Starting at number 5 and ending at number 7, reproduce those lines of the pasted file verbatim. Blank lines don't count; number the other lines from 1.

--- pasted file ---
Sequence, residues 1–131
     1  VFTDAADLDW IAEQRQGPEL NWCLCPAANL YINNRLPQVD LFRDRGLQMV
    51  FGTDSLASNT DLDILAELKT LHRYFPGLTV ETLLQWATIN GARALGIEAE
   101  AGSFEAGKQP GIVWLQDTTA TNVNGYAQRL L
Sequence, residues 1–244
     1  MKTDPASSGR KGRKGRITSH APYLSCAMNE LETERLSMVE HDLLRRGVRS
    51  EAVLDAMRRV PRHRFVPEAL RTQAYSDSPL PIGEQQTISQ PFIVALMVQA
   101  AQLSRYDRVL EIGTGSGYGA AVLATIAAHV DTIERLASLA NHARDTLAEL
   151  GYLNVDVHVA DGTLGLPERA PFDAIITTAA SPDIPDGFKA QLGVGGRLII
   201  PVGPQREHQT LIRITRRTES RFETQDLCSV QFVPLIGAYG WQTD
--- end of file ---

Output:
Sequence, residues 1–244
     1  MKTDPASSGR KGRKGRITSH APYLSCAMNE LETERLSMVE HDLLRRGVRS
    51  EAVLDAMRRV PRHRFVPEAL RTQAYSDSPL PIGEQQTISQ PFIVALMVQA